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The Oregon Liquor Control Commission has been busy checking out each of the applications for marijuana licenses. While they have given out around 200 licenses they have received over 1300 applications and counting. Each inspector goes to 2 or 3 sites each day to ensure that they are up to compliance before giving them approval for their license. One of the big items on the inspection checklist is your security system. So how do you know if your security system will meet regulations?

  • The first thing to do is make sure that you read up on requirements before deciding on what system will be the best for you.
  • Find a business with experience to help you through the process.
  • Plan ahead to get your security system and video surveillance up and running before your inspection.
    • This will ensure that you have time to get to know your system and how it will benefit your business.
  • Price out your options and find a deal specific to your industry if you can.

Since there are so many applicants that the OLCC has to inspect, if you fail any part of your inspection it could be weeks or months more of waiting and money not being made. Since security and surveillance systems are some of the most regulated items on the checklist to get licensed, it should be one of the first things you plan for.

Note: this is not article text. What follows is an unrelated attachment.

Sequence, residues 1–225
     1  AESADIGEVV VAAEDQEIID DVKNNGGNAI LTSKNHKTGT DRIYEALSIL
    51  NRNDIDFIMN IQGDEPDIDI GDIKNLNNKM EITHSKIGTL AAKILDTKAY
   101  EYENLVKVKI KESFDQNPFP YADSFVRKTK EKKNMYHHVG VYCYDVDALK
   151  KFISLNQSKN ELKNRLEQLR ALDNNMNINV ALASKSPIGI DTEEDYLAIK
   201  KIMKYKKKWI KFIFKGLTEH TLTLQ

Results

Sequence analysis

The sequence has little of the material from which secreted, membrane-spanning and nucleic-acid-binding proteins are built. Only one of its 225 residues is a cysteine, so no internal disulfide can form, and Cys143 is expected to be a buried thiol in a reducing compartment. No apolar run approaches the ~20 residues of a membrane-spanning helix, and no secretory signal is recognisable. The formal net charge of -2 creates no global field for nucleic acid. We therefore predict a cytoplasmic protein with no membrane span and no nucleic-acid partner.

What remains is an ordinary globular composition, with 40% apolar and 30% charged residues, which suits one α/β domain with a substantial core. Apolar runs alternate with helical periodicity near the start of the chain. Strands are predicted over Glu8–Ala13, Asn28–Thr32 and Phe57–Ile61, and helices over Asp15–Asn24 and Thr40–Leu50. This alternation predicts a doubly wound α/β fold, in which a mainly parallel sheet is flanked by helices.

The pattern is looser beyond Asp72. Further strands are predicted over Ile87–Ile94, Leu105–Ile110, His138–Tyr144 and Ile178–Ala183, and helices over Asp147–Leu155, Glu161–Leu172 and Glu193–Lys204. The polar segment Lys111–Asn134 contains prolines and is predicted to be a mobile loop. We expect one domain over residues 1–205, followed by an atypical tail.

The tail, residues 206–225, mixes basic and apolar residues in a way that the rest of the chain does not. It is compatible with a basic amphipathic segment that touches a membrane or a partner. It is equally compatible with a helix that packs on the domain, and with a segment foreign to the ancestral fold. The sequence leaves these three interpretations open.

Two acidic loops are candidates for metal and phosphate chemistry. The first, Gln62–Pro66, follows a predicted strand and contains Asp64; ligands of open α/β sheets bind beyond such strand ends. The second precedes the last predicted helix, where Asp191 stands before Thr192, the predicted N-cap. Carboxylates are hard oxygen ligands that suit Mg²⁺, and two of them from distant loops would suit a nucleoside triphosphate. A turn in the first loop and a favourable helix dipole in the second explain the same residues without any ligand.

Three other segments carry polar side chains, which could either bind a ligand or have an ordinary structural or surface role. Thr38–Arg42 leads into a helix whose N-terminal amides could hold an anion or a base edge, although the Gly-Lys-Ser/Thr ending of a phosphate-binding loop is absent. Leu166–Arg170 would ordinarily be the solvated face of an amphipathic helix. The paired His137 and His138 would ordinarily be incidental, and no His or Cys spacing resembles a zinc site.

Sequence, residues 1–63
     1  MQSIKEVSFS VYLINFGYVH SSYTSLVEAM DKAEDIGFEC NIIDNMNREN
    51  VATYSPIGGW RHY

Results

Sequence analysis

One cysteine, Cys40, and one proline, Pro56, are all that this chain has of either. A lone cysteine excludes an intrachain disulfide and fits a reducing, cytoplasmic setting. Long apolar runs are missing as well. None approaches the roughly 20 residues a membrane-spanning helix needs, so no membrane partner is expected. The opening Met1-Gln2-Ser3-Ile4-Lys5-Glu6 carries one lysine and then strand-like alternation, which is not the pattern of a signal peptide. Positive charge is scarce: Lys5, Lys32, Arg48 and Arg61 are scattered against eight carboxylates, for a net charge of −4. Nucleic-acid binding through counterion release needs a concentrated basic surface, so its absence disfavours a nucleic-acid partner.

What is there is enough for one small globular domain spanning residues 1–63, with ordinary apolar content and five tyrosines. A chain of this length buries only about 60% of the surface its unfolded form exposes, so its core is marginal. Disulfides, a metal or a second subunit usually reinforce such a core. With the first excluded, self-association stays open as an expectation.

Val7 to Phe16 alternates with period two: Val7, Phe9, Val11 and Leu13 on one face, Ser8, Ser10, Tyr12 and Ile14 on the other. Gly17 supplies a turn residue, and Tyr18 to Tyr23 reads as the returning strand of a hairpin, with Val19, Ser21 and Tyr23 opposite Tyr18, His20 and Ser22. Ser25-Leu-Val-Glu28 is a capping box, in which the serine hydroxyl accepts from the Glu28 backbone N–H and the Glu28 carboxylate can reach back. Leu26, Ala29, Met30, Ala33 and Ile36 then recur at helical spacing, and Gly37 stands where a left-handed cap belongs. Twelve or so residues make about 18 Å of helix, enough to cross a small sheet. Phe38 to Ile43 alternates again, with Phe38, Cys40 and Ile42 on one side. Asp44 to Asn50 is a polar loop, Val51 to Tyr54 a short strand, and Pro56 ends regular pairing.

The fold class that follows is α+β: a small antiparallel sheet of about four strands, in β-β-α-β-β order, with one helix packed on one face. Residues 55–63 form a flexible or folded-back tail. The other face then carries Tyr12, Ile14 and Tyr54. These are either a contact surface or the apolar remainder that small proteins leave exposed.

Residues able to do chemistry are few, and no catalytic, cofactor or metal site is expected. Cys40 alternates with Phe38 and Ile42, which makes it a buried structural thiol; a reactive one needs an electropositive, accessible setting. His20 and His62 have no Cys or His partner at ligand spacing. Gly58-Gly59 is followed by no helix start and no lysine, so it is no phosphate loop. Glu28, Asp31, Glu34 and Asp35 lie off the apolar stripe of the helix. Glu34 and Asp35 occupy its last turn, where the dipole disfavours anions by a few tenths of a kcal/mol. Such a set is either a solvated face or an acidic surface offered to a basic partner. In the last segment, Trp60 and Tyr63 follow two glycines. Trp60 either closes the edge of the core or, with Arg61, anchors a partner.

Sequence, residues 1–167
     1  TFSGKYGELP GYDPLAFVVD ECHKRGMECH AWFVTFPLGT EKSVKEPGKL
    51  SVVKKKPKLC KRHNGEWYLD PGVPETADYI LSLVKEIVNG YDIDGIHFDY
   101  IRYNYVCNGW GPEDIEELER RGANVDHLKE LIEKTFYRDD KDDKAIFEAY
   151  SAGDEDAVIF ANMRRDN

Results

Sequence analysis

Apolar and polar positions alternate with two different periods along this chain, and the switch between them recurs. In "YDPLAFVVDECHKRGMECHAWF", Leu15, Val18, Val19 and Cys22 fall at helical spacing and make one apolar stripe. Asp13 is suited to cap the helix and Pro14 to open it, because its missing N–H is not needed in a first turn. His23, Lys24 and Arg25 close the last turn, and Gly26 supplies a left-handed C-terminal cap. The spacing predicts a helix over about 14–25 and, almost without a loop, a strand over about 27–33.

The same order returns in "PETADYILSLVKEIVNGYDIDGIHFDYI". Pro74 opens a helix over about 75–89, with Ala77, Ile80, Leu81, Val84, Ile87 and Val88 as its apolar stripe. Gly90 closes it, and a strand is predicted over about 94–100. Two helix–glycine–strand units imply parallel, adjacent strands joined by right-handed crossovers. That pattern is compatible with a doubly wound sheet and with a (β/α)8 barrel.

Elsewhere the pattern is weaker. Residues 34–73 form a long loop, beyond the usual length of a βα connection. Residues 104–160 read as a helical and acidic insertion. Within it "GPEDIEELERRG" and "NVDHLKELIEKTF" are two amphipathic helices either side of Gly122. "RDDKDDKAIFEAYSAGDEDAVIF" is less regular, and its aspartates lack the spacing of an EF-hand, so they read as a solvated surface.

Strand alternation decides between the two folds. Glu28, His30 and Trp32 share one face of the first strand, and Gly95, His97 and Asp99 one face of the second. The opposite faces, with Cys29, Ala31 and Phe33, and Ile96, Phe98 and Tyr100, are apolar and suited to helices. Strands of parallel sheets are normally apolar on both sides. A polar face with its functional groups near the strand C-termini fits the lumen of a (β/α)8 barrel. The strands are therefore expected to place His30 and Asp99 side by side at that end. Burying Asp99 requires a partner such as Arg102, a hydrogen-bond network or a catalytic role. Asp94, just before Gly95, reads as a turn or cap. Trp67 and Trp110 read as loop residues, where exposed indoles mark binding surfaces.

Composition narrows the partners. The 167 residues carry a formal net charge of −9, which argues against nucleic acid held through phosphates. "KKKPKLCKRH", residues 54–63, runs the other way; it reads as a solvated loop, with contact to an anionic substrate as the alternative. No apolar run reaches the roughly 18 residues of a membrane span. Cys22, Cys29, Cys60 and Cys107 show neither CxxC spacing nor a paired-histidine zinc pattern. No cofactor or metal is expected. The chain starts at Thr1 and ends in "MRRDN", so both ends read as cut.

Some other things that the OLCC has to research before they can approve applications are:

  • Financial Information
  • Extensive Background Checks
  • Ownership Setups
  • Site Plans

With all of these requirements to look into the OLCC estimates it can take anywhere from 45-60 days to investigate each applicant. So get your ducks in a row before you finish your application, be prepared for extensive background and financial checks, and get the security system that works most efficiently for your facility.

2 comments

  1. adforlogme.com

    Oregon law requires you to have a service permit if you work at a business with a liquor license that allows customers to drink on the premises and you mix, serve, or sell alcohol in any manner.

  2. comptix.net

    It is the Oregon Liquor Control Commission’s intention that decoy operations are to be an impartial test of a licensee or agent’s ability and willingness to obey laws on preventing sale or service of alcoholic beverages to minors.

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